When Is Flat Really Flat?

When Is Flat Really Flat? The bond market is behaving as if the economy is facing future troubles. Amid expectations that economic growth will slow and the Federal Reserve will stop raising the federal funds rate, long-term interest rates dropped below short-term rates. Recently, the yield on a 10-year Treasury note (4.343%) temporarily fell below that of a 2-year Treasury note (4.347%), a rare event. The technical term for this is an "inverted yield curve."

Typically the yield curve is upward sloping with long-term rates higher than short-term rates to compensate investors for the greater risk of inflation they incur while waiting longer periods of time for repayment. From a fundamental and historical perspective, this event has preceded many economic slowdowns and recessions. However, there is a fierce debate currently underway on Wall Street as to whether an inverted yield curve still has predictive powers given changes in the economy and global markets.

According to a 2003 report by the Federal Reserve Bank of San Francisco, each of the last six recessions since 1970 was preceded by an inverted yield curve - an unnerving coincidence. In fact, over the past 50 years an inverted yield curve has only given two false signals. However, the Federal Reserve has publicly discounted the usefulness of the yield curve as an economic indicator this time. Other factors, such as a heavy flow of overseas capital into the U.S. have driven the yield on 10-year notes to abnormally low levels, thus distorting the yield curve's predictive abilities. (Bond prices and yields move in opposite directions.)

It is worth noting that in the past, whenever the yield curve inverted and a recession followed, both short-term rates and long-term rates were on the rise. The difference this time is that short-term interest rates have been climbing gradually while long-term rates have remained relatively unchanged. Considering the federal funds and prime interest rates have risen 2% over the past 12 months, the economy has performed splendidly. It has expanded at better than 3.0% each quarter for the past four quarters, including a 4.1% rise during the 3rd quarter of 2005, with an expected growth rate of more than 4.0% for the fourth quarter. Inflation, including higher energy prices, remains mild and the economy is growing at a surprisingly solid clip.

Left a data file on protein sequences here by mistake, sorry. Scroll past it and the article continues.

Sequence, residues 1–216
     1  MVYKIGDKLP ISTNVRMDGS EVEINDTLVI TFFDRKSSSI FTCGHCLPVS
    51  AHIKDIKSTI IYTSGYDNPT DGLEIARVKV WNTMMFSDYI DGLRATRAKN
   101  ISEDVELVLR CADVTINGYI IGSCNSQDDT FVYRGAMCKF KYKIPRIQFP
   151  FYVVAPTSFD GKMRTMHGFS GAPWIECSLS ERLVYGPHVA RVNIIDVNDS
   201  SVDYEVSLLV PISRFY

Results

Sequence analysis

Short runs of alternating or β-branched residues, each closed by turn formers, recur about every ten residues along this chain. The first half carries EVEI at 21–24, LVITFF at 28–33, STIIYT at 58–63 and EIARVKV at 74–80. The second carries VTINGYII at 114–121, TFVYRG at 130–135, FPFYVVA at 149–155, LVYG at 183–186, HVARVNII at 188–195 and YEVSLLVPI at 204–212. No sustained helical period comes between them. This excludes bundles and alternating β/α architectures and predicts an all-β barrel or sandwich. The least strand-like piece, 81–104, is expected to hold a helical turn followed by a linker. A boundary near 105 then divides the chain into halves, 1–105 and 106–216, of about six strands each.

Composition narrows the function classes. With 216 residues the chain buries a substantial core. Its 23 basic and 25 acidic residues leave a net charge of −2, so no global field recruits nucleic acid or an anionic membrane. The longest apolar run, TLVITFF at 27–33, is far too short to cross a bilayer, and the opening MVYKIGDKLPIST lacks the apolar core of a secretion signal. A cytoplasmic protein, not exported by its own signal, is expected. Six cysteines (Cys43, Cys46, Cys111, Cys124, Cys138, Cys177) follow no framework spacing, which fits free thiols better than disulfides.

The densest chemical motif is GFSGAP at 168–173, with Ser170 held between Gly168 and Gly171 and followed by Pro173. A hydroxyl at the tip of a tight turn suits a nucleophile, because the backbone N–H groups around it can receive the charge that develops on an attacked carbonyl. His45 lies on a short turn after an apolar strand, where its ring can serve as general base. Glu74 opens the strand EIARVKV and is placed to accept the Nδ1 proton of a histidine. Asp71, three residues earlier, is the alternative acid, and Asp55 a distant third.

A concern is that with the recent rise in the federal funds and prime interest rates, businesses at the margin will stop making capital investments because of the increase in the incremental cost of capital. For example, a business, with a marginal cost of capital at the prime rate of 5.25% at the beginning of 2005 may have considered investment opportunities with a higher expected rate of return then the cost of funds (prime rate 5.25%). However, today's prime rate of 7.25% would discourage the same business from making the same new capital investment due to the 2% marginal increase. The rise in the Federal Funds rate and prime rate will at the margin stop business from making new capital investments that were attractive just 12 months previous.

From a macroeconomic point of view, we are concerned because underlying corporate earnings have grown very strongly over the past three years and it becomes more and more difficult to continue to meet or exceed earnings estimates in a rising interest rate environment. We believe the fixed income market is a "flashing yellow light" warning us to be cautious as we look forward to the 2006 markets. We see that GDP, revenue and earnings should continue to grow strongly in 2006, but we will continue to monitor these indicators closely for potential weakness.